class, Economy, Minimum Wage, poverty, Social Problems

Opinion: Double the Federal Minimum Wage. State and local governments are proving that higher minimum-wage standards are good for workers. Congress should take the lesson. By The Editorial Board The editorial board is a group of opinion journalists whose views are informed by expertise, research, debate and certain longstanding values. It is separate from the newsroom. Dec. 30, 2019

Opponents of minimum-wage laws have long argued that companies have only so much money and, if required to pay higher wages, they will employ fewer workers. Now there is evidence that such concerns, never entirely sincere, are greatly overstated. Over the past five years, a wave of increases in state and local minimum-wage standards has pushed the average effective minimum wage in the United States to the highest level on record. The average worker must be paid at least $11.80 an hour — more after inflation than the last peak, in the 1960s, according to an analysis by the economist Ernie Tedeschi.

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Banks, Economy, poverty, Social Problems

Opinion: Changing Rules to Help Bankers and Hurt Poor Neighborhoods. The Community Reinvestment Act needs a renovation. The Trump administration instead is proposing a partial demolition. By The Editorial Board. The editorial board is a group of opinion journalists whose views are informed by expertise, research, debate and certain longstanding values. It is separate from the newsroom. Jan. 10, 2020

Banks don’t like lending in lower-income neighborhoods, even as they profit from deposits taken from those same communities. Since 1977, the Community Reinvestment Act has forced the issue, requiring banks to provide mortgages, small-business loans and other services in all areas where they operate. The current crop of federal banking regulators, picked by President Trump, is now proposing to let banks pump less money into lower-income communities, and even to claim credit for lending that does not benefit those communities. One egregious example: Banks could count loans for improvements to stadiums that happen to sit in poor neighborhoods. Yes, you read that right: Under the proposal, the banks that financed the new sound system at M&T Bank Stadium in Baltimore could claim credit for investing in the community.

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Economy, Gender, Social Problems, Stratification

Women’s Gains in the Work Force Conceal a Problem Jobs traditionally viewed as female still don’t pay well, and still don’t appeal to men. Fixing one of these things would fix the other. By Claire Cain Miller Jan. 21, 2020 American women have just achieved a significant milestone: They hold more payroll jobs than men. But this isn’t entirely good news for workers, whether they’re men or women.

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Economy, inequality, Social Problems, Stratification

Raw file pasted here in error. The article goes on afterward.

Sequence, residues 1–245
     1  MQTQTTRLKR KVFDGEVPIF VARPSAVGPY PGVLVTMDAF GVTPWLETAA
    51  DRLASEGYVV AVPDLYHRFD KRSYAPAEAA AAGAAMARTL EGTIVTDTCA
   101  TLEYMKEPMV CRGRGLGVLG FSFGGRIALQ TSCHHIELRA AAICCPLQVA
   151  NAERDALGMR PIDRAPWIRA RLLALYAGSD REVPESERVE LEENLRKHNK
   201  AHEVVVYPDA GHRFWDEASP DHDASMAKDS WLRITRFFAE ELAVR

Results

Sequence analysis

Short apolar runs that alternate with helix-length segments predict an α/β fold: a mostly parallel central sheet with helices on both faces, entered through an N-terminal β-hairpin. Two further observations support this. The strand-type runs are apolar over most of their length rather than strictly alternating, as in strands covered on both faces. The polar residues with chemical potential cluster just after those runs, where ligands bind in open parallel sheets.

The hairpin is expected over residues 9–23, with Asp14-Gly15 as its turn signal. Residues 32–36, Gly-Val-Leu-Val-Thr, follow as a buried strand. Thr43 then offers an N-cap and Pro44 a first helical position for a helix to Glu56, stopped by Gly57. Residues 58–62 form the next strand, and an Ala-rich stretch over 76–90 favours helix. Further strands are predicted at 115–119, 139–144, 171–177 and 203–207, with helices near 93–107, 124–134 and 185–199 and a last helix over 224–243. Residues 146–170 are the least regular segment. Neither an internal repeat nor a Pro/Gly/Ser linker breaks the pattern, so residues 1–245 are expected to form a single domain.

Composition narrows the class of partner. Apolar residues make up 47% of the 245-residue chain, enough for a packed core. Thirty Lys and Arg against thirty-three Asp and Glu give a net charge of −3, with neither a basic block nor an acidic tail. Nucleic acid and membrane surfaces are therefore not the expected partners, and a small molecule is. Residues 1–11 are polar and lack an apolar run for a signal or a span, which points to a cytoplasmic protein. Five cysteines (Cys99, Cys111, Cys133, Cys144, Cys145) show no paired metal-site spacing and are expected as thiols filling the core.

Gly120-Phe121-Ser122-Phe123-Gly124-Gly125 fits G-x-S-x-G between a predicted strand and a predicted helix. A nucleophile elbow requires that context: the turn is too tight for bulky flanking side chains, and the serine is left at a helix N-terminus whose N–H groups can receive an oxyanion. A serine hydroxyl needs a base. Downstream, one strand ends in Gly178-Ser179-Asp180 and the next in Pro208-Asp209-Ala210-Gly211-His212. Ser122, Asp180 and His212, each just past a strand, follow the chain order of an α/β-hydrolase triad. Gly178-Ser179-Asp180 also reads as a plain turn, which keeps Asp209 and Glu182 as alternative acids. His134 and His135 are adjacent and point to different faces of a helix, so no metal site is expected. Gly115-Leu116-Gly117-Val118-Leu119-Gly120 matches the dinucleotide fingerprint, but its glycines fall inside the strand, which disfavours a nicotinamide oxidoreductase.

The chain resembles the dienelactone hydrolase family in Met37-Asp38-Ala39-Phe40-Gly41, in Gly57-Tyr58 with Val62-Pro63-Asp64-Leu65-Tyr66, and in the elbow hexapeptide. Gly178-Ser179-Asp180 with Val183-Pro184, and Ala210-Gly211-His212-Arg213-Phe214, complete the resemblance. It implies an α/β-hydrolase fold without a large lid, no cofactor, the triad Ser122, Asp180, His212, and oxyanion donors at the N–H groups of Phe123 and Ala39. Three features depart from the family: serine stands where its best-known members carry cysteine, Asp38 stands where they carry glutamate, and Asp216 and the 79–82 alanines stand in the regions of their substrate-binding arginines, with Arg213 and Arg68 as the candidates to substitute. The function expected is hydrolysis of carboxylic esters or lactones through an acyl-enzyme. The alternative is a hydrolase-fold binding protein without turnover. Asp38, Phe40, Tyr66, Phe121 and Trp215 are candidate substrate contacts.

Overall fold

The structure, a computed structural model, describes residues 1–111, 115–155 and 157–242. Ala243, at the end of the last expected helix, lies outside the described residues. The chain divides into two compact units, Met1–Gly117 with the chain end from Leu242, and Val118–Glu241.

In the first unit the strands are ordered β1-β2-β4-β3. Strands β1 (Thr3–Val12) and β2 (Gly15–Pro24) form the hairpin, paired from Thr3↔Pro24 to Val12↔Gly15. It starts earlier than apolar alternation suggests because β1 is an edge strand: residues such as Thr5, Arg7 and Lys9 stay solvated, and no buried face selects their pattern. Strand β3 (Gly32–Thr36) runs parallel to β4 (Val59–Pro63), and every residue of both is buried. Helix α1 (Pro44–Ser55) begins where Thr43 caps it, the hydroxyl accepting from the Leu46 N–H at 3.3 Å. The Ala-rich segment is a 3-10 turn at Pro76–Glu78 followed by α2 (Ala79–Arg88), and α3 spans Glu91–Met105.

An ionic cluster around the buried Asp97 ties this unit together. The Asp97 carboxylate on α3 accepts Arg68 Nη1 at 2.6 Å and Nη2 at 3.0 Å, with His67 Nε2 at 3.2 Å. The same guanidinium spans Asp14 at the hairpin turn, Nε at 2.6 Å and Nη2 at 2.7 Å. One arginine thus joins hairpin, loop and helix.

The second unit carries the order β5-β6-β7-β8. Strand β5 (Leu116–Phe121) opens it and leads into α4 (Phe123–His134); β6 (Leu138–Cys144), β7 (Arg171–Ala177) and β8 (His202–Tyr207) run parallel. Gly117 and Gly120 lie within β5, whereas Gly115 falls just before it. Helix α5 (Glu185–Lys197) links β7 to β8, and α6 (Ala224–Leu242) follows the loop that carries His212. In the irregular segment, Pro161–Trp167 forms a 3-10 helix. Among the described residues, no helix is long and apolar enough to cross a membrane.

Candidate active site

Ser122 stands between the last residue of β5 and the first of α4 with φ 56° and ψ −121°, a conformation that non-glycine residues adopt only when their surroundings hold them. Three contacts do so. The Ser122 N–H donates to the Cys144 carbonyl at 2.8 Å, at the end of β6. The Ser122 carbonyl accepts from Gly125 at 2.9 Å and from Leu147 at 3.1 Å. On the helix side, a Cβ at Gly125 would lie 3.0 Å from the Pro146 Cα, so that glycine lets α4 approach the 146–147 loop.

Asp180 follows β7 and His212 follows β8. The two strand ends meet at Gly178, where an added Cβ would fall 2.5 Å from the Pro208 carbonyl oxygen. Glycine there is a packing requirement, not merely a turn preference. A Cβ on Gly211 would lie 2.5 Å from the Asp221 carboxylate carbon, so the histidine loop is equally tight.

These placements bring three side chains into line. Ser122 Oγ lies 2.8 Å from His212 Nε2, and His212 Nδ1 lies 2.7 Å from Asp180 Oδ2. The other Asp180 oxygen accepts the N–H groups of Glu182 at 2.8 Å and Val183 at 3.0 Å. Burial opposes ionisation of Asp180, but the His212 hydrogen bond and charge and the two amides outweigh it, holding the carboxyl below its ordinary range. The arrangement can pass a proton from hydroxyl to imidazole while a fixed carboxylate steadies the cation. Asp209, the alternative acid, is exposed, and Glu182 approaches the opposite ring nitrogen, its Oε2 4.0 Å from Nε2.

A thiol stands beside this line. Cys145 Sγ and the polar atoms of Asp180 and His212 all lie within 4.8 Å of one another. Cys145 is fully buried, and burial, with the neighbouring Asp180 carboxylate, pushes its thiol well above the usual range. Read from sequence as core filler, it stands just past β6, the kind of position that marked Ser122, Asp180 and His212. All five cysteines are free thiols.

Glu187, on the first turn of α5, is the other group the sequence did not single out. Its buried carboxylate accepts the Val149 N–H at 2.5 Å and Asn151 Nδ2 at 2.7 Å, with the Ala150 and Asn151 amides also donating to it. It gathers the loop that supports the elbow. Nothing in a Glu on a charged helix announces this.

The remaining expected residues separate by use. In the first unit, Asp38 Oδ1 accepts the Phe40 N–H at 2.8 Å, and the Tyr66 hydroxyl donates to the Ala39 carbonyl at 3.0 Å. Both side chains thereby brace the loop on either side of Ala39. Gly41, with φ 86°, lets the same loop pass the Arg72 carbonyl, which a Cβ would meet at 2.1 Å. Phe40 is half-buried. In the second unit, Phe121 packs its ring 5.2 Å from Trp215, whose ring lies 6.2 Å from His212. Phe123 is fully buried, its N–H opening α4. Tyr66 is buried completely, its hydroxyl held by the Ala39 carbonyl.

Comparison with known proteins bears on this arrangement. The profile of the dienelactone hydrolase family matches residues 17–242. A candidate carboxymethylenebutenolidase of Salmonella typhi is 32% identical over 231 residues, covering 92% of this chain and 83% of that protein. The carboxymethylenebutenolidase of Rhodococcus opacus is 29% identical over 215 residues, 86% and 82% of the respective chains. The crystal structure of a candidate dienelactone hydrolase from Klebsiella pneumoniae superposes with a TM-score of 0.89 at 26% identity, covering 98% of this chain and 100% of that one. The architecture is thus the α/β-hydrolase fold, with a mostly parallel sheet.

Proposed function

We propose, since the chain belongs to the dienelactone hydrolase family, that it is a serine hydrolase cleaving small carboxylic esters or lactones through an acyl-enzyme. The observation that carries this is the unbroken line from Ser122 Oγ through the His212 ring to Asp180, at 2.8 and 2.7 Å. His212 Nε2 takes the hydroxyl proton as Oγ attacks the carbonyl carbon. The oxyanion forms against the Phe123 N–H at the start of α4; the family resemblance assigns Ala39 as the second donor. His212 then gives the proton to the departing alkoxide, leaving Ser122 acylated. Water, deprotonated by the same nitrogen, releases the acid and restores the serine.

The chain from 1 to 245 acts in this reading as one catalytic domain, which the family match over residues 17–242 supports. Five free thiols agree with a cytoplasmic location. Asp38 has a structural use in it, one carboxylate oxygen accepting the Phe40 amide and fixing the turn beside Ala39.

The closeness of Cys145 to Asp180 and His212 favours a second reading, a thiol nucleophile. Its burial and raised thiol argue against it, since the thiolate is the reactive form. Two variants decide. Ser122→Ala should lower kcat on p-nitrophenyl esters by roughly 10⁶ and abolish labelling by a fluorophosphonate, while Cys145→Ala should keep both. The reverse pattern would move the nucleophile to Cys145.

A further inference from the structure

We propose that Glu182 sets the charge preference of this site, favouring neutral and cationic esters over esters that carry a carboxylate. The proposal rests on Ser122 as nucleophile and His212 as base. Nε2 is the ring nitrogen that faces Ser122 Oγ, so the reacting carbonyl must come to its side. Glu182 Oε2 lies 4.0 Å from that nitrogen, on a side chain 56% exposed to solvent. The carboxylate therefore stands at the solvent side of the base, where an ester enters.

Opinion: How the Upper Middle Class Is Really Doing Is it more similar to the top 1 percent or the working class? By David Leonhardt Opinion Columnist Feb. 24, 2019 Since 1980, the incomes of the very rich have grown faster than the economy. The upper middle class has kept pace with the economy, while the middle class and poor have fallen behind.

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class, Economy, inequality, Social Problems, Technology

Tech Is Splitting the U.S. Work Force in Two. A small group of well-educated professionals enjoys rising wages, while most workers toil in low-wage jobs with few chances to advance. Image: Taser assembly at Axon in Scottsdale, Ariz. While some jobs are changing or being eliminated because of automation, many positions at Axon still require the dexterity of human hands. By Eduardo Porter Feb. 4, 2019

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class, Economy, inequality, Social Problems

Opinion: What’s Really Radical? Not Taxing the Rich It’s time to reverse the extreme upward redistribution of the last 40 years. A house is the biggest asset that most families own. If middle-class families can pay an annual tax on their main source of wealth, wealthy families can, too, says David Leonhardt. by David Leonhardt. Opinion Columnist Feb. 3, 2019

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Corporations, Economy, Social Problems, Technology

The Hidden Automation Agenda of the Davos Elite. This year’s World Economic Forum in Davos, Switzerland, where business leaders’ public positions on automation’s impact on workers did not match the views they shared privately. Image: This year’s World Economic Forum in Davos, Switzerland, where business leaders’ public positions on automation’s impact on workers did not match the views they shared privately. By Kevin Roose Jan. 25, 2019

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